Paul Cornell's now annual attempt to do 'The 12 Days of Blogging' (or 12 Blogs of Christmas, or something to do with the number 12) has brought up a brilliant blog that I hadn't previously heard of, but has apparently been running since 2003.
[Sidestep: did I even know the word 'blog' back then? I'm surprised how long I've been writing this one - I spent an hour yesterday adding keywords to all of the entries and was amazed at how much I've written. I know it's nowhere near the 'blog every day' ethos, but I also note that a couple of my chums abandoned their blogs over a year ago, so, um, I win. Ha!]
Over on Freakytrigger, Tom Ewing has been reviewing every single UK number one record, starting at the beginning with Al Martino and 'Here in my Heart' and working his way through in order. As I write this, he's just completed his 477th review - Shakin' Stevens' 'This Ole House'.
A good few years ago, I decided I needed [oh wait, hold on a sec, I'm not writing this while Fern Kinney is playing. Skip to The Jam's 'Going Underground'. Better.] to get an MP of every number one single. I had a few already so I added those to my playlist, then set about scouring the internet for the rest. Entirely coincidentally, the last number one I managed to find before I'd caught up was Don Cornell's 'Hold My Hand'.
Tom has managed to find the sleeve artwork for a lot of these songs, so I've wasted a fine hour this morning stealing the pics and adding them to my playlist on iTunes. This is how I came to make a discovery - that there's an astoundingly perfect run of number ones in the late 1970s. David Soul's 'Silver Lady' was tripe, but I've seen grown men wilt at the first cautious electronic organ sighs of Baccara's Euro-pop hit 'Yes Sir, I Can Boogie'.
Grown gay men, but grown men nonetheless.
From then on, it's one great pop track after another until late-1979 when Buggles' 'Video Killed the Radio Star' was bumped for Lena Martell's 'One Day at a Time'. I can imagine a collective exhalation there, when the record-buying public asked 'Who bought that? COME ON - own up!!'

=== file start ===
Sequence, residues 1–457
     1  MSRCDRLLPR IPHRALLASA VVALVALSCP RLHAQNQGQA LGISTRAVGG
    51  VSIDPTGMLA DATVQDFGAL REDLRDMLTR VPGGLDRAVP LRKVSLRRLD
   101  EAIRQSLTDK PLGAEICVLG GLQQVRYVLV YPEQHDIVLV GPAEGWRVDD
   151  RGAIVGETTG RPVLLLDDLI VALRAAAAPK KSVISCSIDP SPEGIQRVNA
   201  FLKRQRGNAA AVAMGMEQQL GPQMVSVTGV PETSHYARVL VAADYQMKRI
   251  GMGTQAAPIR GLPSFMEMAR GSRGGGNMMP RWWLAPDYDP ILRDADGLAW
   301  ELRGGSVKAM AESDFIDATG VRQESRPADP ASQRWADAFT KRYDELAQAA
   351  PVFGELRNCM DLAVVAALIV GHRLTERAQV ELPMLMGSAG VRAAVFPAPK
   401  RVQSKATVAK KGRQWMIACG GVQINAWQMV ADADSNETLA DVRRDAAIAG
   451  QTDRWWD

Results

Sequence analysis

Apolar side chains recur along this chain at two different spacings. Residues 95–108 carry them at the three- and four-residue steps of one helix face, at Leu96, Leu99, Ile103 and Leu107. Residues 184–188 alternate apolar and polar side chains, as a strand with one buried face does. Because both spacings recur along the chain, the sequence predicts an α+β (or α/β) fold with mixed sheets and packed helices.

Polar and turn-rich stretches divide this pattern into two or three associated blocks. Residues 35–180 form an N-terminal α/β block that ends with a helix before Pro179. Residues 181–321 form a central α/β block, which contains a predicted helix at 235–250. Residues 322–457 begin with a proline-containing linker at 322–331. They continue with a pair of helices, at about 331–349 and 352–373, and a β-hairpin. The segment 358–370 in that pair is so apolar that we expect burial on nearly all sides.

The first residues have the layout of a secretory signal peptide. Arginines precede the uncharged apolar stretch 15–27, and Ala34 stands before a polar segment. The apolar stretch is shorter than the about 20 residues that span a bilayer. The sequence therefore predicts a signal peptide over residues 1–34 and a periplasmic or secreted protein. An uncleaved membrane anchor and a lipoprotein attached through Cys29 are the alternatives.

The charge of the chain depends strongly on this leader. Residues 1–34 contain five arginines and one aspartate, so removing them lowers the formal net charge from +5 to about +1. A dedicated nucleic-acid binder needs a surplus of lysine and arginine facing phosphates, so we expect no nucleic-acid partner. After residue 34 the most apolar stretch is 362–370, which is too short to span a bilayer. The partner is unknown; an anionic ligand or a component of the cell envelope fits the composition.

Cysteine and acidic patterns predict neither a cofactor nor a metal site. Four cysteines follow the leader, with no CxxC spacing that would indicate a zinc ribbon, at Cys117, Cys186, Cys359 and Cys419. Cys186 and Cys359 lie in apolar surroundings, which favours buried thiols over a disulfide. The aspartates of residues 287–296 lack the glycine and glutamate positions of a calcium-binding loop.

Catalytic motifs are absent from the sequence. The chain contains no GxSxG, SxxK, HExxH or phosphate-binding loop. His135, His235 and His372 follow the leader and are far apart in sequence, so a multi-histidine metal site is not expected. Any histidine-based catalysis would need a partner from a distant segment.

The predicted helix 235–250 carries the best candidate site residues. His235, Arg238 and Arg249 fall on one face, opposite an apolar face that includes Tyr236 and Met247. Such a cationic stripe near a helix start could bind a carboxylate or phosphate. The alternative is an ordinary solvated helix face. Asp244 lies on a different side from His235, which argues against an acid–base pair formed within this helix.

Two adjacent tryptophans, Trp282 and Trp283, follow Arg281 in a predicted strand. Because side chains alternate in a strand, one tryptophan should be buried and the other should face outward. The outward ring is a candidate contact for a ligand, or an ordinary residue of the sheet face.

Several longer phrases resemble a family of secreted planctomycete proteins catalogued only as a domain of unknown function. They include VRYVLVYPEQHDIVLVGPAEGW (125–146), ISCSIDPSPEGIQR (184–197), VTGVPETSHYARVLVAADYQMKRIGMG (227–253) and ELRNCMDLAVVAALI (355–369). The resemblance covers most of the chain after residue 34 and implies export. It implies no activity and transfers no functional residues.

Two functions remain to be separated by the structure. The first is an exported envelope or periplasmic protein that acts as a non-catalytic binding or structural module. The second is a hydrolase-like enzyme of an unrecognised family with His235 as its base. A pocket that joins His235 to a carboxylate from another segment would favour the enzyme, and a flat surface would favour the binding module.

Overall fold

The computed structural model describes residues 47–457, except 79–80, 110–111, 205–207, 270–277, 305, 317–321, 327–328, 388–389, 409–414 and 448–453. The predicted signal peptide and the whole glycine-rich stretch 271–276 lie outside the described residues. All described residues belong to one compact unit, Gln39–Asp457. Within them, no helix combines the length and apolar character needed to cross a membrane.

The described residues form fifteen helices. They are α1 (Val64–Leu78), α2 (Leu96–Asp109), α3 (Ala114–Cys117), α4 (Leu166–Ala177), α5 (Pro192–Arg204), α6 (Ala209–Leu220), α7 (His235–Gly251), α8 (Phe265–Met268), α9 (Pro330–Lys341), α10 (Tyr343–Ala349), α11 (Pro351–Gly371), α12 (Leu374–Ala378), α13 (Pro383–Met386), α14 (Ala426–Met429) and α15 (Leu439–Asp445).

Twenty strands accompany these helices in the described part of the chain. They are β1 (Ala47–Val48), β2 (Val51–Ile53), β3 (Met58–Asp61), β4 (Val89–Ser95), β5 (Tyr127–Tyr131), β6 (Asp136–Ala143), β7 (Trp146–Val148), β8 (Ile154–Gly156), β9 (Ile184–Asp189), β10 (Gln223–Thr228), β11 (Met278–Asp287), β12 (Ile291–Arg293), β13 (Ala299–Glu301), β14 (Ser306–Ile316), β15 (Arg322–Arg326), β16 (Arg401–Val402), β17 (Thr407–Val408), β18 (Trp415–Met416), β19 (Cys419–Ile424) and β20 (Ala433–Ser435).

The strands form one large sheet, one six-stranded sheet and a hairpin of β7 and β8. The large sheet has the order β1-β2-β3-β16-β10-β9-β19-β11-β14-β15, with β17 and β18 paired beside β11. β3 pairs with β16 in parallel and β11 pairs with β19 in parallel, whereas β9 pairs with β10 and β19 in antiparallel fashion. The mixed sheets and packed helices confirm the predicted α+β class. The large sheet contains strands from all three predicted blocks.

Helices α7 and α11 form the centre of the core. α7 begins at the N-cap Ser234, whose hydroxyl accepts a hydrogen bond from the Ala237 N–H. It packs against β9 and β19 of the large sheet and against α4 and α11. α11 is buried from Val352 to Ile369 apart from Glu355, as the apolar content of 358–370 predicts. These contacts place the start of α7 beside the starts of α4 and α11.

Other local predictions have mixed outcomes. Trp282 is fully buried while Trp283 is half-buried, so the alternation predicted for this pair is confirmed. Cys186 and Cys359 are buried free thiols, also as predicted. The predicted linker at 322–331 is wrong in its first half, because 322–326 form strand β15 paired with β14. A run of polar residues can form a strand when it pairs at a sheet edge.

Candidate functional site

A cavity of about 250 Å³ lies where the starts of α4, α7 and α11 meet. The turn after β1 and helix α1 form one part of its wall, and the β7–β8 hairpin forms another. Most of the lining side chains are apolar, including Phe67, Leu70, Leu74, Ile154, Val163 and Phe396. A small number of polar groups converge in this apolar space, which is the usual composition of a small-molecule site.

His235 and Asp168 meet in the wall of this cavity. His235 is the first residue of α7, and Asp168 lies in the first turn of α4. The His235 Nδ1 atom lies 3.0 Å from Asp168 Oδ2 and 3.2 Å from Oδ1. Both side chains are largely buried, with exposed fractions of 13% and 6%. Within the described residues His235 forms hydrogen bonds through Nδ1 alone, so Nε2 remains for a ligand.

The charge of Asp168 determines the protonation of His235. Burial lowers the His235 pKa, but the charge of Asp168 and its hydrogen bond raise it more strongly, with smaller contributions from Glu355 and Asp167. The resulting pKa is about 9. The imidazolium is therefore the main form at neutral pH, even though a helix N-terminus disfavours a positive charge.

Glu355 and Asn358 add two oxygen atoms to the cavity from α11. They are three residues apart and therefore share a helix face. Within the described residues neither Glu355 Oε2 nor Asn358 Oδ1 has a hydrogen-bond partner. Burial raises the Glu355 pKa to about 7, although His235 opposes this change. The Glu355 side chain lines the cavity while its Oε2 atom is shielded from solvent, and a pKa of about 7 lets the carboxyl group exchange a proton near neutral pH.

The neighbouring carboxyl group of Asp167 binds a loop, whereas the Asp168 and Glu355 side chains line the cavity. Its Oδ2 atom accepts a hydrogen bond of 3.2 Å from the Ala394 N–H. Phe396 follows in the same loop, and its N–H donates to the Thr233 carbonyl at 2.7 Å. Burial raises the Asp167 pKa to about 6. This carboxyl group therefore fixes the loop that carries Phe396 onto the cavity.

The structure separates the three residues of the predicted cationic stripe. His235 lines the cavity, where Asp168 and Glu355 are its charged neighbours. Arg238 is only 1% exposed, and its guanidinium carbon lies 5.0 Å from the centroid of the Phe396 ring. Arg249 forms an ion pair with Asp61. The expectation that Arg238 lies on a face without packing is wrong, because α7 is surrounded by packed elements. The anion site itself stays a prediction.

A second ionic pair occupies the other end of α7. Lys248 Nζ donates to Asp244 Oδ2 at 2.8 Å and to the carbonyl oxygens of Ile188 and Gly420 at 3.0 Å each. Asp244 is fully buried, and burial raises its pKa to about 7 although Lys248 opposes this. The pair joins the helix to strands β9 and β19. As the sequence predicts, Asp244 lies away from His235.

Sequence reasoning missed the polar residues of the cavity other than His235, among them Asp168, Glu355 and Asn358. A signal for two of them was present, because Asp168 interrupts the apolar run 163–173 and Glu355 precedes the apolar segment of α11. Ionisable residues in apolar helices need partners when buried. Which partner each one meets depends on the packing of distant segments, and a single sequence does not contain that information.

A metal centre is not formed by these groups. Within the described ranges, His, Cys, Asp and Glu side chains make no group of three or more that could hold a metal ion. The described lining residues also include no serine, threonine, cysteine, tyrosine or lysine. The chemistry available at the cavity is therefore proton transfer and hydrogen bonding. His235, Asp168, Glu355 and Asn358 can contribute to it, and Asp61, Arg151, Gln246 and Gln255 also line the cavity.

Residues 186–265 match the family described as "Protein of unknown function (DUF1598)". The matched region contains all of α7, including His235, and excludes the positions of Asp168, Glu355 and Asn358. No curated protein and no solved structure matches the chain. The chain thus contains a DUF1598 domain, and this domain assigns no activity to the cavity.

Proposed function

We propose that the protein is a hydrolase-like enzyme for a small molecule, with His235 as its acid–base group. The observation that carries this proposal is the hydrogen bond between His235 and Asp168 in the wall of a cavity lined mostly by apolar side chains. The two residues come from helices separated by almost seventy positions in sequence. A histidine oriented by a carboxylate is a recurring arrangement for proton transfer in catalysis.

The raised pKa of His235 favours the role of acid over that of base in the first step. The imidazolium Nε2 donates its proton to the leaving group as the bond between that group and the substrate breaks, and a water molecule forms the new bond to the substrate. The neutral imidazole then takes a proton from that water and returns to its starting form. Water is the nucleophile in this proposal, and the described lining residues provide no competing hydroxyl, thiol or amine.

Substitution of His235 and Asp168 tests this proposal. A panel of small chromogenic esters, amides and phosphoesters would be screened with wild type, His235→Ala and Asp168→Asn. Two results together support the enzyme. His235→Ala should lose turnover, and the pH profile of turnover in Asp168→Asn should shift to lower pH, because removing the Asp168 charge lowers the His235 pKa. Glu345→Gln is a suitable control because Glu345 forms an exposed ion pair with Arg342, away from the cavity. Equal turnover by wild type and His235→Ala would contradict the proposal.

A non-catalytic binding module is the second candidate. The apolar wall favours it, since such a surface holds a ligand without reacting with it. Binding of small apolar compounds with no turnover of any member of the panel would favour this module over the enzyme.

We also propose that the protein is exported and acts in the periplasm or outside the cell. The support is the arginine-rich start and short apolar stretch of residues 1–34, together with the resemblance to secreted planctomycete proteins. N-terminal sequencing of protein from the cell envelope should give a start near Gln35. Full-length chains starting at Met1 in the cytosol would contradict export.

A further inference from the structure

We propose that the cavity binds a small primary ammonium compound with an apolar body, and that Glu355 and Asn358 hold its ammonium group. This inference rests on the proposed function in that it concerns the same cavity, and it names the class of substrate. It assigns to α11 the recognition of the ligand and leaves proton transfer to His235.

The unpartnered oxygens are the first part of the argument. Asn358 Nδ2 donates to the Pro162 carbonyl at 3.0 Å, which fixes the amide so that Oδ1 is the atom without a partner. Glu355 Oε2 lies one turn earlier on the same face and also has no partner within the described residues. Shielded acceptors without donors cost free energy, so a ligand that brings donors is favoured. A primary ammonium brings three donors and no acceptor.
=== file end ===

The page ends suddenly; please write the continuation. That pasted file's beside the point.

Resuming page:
I've always loved the 1980s, but I have to concede the late '70s was a brilliant time for pop fans. Just have a look at this list (the numbers in square brackets give the song's order in chart history):
 Yes Sir, I Can Boogie Baccara
 The Name Of The Game ABBA
 Mull Of Kintyre Wings (okay, I'm conceding this Macca hit because I did like it at the time)
 Uptown Top Ranking Althea and Donna (best one-hit wonder ever!)
 Figaro Brotherhood Of Man
 Take A Chance On Me ABBA
 Wuthering Heights Kate Bush
 Matchstalk Men and Matchstalk Cats and Dogs Brian and Michael
 Night Fever The Bee Gees
 Brown Girl in the Ring Boney M
 You're the One That I Want John Travolta and Olivia Newton-John
 Three Times A Lady The Commodores
 Dreadlock Holiday 10CC
 Summer Nights John Travolta and Olivia Newton-John
 Rat Trap The Boomtown Rats
 Da Ya Think I'm Sexy Rod Stewart
 Mary's Boychild Boney M
 YMCA Village People
 Hit Me With Your Rhythm Stick Ian Dury and the Blockheads
 Heart Of Glass Blondie
 Tragedy The Bee Gees
 I Will Survive Gloria Gaynor
 Bright Eyes Art Garfunkle (c'mon, it's the most-played song at children's funerals. That has to count for something)
 Sunday Girl Blondie
 Ring My Bell Anita Ward (pew pew!)
 Are Friends Electric Tubeway Army
 I Don't Like Mondays Boomtown Rats
 We Don't Talk Anymore Cliff Richard
 Cars Gary Numan
 Message in a Bottle The Police
 Video Killed The Radio Star Buggles
Here's something else though: Baccara were Spanish; Abba were Sweden's biggest export; Boney M were German. We had European acts in our charts, and they were bloody good.
In a similar time period, we've had a number one from Swedish Basshunter ('Now You're Gone' - tripe!), a dreary, overplayed song by another Swede, Robyn, and a godawful one by bloody Chico! European acts just aren't crossing over the channel any more. I wonder if their charts are as dominated by English and American acts. There are more American artists in the charts now, the majority of which are R&B-based. In fact, the genres have become very samey too, with identikit R&B singers warbling through tuneless songs, or skinny white guys moaning to a dreary Coldplay-lite backing track (including - Heaven help us - Take That, whose 'Greatest Day' sounds as if it were written specifically to be used on an advert for BT).
I'm sure it's not just nostalgia - music was more varied, more adventurous and more surprising in the 1970s and '80s than it is today. Or rather, the stuff that tops the charts tends to be kind of the same as the stuff we heard last time. Simon Cowell's got the Christmas number one sewn up again in the form of X Factor winner Alexandra Burke - the only surprise there being that she's doing a Leonard Cohen track!
I'll go back to my number ones now. I can feel an old fogey rant coming on.
I Won't Say It If You Won't Say It
13 hours ago